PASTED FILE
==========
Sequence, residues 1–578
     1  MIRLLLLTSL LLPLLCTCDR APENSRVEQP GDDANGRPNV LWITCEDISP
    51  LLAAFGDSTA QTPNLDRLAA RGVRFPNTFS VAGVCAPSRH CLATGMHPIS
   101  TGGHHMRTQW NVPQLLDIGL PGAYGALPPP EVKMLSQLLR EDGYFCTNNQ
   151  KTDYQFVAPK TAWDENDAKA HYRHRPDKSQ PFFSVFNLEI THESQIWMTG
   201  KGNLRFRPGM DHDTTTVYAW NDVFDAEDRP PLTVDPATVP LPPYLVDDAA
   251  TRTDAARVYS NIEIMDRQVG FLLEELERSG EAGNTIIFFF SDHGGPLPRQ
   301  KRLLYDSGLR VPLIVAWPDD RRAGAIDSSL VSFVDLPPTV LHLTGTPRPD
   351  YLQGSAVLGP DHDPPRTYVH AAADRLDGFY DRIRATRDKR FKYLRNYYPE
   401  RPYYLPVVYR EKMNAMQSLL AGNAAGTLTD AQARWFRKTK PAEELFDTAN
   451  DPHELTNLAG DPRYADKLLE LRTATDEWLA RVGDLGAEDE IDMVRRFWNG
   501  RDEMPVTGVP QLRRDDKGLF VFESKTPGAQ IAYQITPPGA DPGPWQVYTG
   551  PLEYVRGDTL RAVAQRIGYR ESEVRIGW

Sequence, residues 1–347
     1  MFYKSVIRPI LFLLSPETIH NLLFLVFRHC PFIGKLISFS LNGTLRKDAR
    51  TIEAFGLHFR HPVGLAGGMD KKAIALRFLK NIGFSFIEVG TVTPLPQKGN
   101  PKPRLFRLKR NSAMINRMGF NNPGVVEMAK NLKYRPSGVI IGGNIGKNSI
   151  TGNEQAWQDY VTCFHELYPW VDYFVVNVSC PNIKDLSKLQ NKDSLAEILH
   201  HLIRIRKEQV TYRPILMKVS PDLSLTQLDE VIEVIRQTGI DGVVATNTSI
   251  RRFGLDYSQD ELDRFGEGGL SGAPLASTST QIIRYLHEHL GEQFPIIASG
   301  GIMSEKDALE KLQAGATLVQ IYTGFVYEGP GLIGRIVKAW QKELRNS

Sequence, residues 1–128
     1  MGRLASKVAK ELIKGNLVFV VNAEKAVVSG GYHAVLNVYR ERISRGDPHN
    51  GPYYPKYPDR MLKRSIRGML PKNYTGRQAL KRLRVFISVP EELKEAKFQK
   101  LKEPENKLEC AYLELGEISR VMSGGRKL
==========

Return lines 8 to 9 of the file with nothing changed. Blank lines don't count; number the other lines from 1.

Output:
   301  KRLLYDSGLR VPLIVAWPDD RRAGAIDSSL VSFVDLPPTV LHLTGTPRPD
   351  YLQGSAVLGP DHDPPRTYVH AAADRLDGFY DRIRATRDKR FKYLRNYYPE